The Deconstruction Of Innocence In Voltaire's 'Candide'

750 Words3 Pages
Candide
It may take more than one mistake for most people to recognize their wrongs, and more than one attempt to reach success. However, when one like Candide who is blinded by philosophy, fails to learn from his bitter experiences in his journey of worst of all possibles contradicts the philosophy of optimism that Candide cherish. Hence, Candide’s innocence is portrayed to its extend through the narrator’s attitude and point of view in the book, Candide by Voltaire.
Candide, who endlessly allows others to eradicate his thinking and wealth enhances the cynical view of the setting he is in. His innocence is abused by greed, yet he continues to live by the teaching of the " greatest philosopher "( Voltaire 16), Pangloss through most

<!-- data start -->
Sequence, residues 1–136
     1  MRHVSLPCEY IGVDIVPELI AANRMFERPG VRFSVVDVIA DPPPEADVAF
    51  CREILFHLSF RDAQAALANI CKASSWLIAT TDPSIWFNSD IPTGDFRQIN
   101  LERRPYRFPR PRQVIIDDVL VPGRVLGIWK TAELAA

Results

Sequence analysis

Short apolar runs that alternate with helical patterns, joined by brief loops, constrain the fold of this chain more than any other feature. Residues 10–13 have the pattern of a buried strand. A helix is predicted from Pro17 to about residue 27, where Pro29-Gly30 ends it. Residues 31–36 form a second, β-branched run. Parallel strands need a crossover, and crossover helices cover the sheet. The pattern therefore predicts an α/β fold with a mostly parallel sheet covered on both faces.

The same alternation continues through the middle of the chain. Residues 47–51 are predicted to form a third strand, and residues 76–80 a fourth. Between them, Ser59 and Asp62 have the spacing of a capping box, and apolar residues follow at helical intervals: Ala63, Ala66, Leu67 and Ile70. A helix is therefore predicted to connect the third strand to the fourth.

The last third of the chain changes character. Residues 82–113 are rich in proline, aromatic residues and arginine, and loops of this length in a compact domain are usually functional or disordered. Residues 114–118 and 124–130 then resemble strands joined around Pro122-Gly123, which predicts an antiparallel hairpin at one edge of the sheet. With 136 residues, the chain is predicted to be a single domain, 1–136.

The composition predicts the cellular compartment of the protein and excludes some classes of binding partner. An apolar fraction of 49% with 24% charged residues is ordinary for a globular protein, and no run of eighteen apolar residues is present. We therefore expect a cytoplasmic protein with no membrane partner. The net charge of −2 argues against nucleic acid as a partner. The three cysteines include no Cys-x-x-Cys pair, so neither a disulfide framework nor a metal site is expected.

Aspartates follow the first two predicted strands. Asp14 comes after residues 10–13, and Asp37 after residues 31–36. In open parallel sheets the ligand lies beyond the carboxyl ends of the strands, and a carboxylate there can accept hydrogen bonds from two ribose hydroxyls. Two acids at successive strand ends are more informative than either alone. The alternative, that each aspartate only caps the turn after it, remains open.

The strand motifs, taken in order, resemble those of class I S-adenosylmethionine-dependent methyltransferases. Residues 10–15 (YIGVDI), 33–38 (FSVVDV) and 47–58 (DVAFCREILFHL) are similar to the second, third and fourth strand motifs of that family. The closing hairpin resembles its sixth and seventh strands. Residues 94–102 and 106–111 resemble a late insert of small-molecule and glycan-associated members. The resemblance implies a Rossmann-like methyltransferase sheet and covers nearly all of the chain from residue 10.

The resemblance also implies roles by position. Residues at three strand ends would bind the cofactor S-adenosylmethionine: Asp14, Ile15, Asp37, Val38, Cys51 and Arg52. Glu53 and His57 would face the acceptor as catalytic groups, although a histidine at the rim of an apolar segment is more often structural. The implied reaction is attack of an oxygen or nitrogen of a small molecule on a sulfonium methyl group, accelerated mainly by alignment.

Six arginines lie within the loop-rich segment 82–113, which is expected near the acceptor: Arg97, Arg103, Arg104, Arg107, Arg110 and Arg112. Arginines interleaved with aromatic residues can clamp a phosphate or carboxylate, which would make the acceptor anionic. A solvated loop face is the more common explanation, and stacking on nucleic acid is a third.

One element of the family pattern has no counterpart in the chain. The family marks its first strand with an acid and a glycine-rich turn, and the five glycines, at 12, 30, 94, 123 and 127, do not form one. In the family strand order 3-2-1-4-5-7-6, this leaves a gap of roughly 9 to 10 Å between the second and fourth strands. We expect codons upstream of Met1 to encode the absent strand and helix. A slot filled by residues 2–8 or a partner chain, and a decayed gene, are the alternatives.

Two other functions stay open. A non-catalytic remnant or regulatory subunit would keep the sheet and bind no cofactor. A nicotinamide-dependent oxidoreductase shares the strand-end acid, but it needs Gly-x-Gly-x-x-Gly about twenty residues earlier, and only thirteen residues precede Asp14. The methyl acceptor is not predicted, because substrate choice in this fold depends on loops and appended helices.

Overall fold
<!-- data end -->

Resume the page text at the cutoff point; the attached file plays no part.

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Candide’s thought of trading his treasure for Cunegonde is his way of believing that he must endure suffering and lose part of his fortune to others to pursue love. Candide’s point of view of this situation illustrates a sympathetic manner for himself through his amiable character as he gives what the captain demands for . In addition, he fails to recognize that he is capable of withholding his fortune and be the master of his own thought, as he unsuccessfully distinguishes "universal reason" (Voltaire 27), and avoidable tribulation, by neglecting James as he was "thrown in the sea" (Voltaire 26). This neglectance of other’s lives that occurs more than once, demonstrates Candide’s slow development in his journey. The unceasing deaths, that scarcely sways him at first has somewhat allowed him to obtain maturity, but Candide fails to learn from his past, until he has lost it all. Hence, the death as well as the greed
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